Pregnancy can sometimes feel like a long list of NOT to-do’s, from consuming shellfish, alcohol and caffeine to modifying your exercise and sleep routines. Prenatal yoga, however, is something you can feel good about putting on your “go-ahead-and-do-it!” list. Here’s everything you need know about practicing PG-yoga.  

Benefits of Prenatal Yoga
You don’t have to be an accomplished yogi to participate in – and benefit from – prenatal yoga. As long as your doctor has cleared you for physical activity, yoga is great for all expectant moms. Its gentle movements and mind-body focus can help prepare you for the mental aspects of childbirth and motherhood. Even if you aren’t used to working out regularly, practicing yoga while pregnant can help:

  • Lower blood pressure: Studies have shown that pregnant women’s heart rate and blood pressure lowers after doing yoga — even more so than after doing other low-impact exercises like walking.
  • Reduce stress: Yoga is a known stress-reducer, and high stress levels have been shown to increase miscarriage and preterm birth rates.
  • Stabilize moods: Hormones happen; yoga can help. Studies have shown that integrated yoga, which combines movements with meditation and relaxation and breathing exercises can significantly decreased levels of depression in moms-to-be.
  • Manage weight: As with any physical activity, yoga keeps you active, which can help manage prenatal weight gain.  
  • Improve delivery experience: The breathing exercises you learn in yoga can be upon during labor and delivery. Plus, the core-focused movements of yoga can help both delivery and recovery after baby arrives (whether via vaginal birth or C-section).

What to Expect in Class
If you aren’t taking a class specifically designed for pregnant women, by all means let your instructor know you are expecting so she or he can modify the moves for you. Prenatal yoga classes generally offer gentler, less strenuous sequences of poses. There is also usually a greater use of props such as belts, bolsters, blocks or chairs to make poses comfortable according to what stage of your pregnancy you’re in.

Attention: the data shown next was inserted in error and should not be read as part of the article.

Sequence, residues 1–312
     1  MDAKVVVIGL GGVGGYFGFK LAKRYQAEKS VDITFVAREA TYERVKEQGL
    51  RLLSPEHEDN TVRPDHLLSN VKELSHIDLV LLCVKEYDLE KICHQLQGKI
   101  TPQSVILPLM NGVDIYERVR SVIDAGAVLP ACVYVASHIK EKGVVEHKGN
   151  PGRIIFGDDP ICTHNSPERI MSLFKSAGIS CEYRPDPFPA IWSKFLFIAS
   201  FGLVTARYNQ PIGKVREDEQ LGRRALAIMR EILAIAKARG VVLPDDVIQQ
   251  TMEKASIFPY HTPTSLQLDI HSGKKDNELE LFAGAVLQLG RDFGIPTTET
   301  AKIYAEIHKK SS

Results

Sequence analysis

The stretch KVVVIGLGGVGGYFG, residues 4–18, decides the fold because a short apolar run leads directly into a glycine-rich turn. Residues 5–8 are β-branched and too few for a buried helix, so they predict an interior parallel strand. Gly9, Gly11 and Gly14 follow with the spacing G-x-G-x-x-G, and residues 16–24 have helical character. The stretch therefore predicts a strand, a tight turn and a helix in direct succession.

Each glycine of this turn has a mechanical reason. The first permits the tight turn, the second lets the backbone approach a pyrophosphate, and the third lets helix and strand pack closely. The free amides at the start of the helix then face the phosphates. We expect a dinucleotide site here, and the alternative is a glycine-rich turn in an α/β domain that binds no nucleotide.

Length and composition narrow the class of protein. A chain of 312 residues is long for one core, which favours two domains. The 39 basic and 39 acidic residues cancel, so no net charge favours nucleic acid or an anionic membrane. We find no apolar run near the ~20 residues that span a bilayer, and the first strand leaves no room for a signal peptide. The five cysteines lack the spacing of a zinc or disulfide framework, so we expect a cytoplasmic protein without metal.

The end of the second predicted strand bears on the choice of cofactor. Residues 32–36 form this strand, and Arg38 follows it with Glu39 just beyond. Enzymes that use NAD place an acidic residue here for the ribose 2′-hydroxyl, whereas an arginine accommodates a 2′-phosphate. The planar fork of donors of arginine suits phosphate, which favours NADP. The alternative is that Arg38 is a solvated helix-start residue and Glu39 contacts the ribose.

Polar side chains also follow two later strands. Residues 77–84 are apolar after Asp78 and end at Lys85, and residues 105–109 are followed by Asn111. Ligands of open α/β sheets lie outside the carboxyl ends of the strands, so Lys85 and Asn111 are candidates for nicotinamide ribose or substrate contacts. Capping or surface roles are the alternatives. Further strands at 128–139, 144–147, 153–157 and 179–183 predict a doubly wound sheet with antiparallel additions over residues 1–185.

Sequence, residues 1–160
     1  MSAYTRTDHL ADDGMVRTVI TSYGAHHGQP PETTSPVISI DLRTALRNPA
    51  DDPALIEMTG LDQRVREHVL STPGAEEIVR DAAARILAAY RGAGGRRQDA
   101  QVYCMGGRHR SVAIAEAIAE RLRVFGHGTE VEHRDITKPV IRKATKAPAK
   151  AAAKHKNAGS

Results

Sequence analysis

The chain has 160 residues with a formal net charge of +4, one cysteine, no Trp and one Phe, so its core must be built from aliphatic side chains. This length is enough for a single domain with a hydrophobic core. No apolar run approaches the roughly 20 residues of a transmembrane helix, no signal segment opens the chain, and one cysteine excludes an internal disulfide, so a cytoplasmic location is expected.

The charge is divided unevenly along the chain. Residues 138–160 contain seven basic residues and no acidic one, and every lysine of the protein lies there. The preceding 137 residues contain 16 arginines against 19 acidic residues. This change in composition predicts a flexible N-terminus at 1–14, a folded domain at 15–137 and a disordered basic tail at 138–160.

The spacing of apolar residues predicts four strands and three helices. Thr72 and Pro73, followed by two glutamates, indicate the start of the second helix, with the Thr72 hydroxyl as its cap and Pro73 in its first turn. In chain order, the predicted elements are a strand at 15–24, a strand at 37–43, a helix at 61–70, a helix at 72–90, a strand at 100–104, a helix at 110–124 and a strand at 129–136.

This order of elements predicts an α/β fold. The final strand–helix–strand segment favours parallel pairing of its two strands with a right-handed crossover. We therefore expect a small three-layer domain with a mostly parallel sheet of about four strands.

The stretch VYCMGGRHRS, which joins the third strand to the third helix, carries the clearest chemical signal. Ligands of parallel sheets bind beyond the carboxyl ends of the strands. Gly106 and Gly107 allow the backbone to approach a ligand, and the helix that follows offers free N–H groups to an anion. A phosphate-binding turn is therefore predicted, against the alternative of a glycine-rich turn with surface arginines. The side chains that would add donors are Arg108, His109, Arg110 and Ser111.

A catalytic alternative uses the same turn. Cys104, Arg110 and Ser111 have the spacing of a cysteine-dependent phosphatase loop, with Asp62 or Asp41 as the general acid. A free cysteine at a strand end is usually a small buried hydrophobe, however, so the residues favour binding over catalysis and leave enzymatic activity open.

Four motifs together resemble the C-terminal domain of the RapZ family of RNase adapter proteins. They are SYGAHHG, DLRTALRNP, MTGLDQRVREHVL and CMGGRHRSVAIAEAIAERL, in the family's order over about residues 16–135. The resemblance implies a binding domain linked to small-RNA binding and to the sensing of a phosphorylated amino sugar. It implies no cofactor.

Most prenatal yoga poses focus on the back and lower back, areas vulnerable to pain and injury due to a shifting center of gravity. To help lengthen the spine and relieve pressure and discomfort, your instructor may recommend poses like the Right Angle, where the body is folded at the hips, with the hands resting against a wall and the feet planted firmly on the floor. Side-bending poses are also often incorporated in prenatal yoga. These can help stretch the muscles between the ribs and counteract inward-rolling shoulders caused by the strain of growing breasts.

Things to Avoid
Prenatal yoga classes will not include hot temperatures, and pregnant women should avoid any “hot yoga” classes. You should also avoid poses that require you to lie on your back or twist deeply, as well as forward bends that can compress the belly too much. Moves meant to strengthen the abdominal muscles should also be avoided because they can put too much stress on the rectus abdominus muscles. Balancing poses should be done slowly, using a wall or other strong support to avoid the risk of falling.

If you experience any of the following symptoms, stop exercising and call your doctor:

  • Fluid leaking from vagina
  • Dizziness, shortness of breath or feeling light-headed
  • Calf pain or swelling
  • If you feel your baby moving less
  • If you feel like your baby is pushing down, or if you feel pressure in your pelvis
  • If you have belly cramps or backaches

Moms-to-be can enjoy the benefits of yoga any time during pregnancy (with a physician’s permission), and perhaps even more so by seeking out a knowledgeable prenatal yoga instructor. Replenish is offering a prenatal yoga workshop February 11 at the studio in International Falls from 11:00 a.m. – 12:30 p.m. Click here for more information and to register.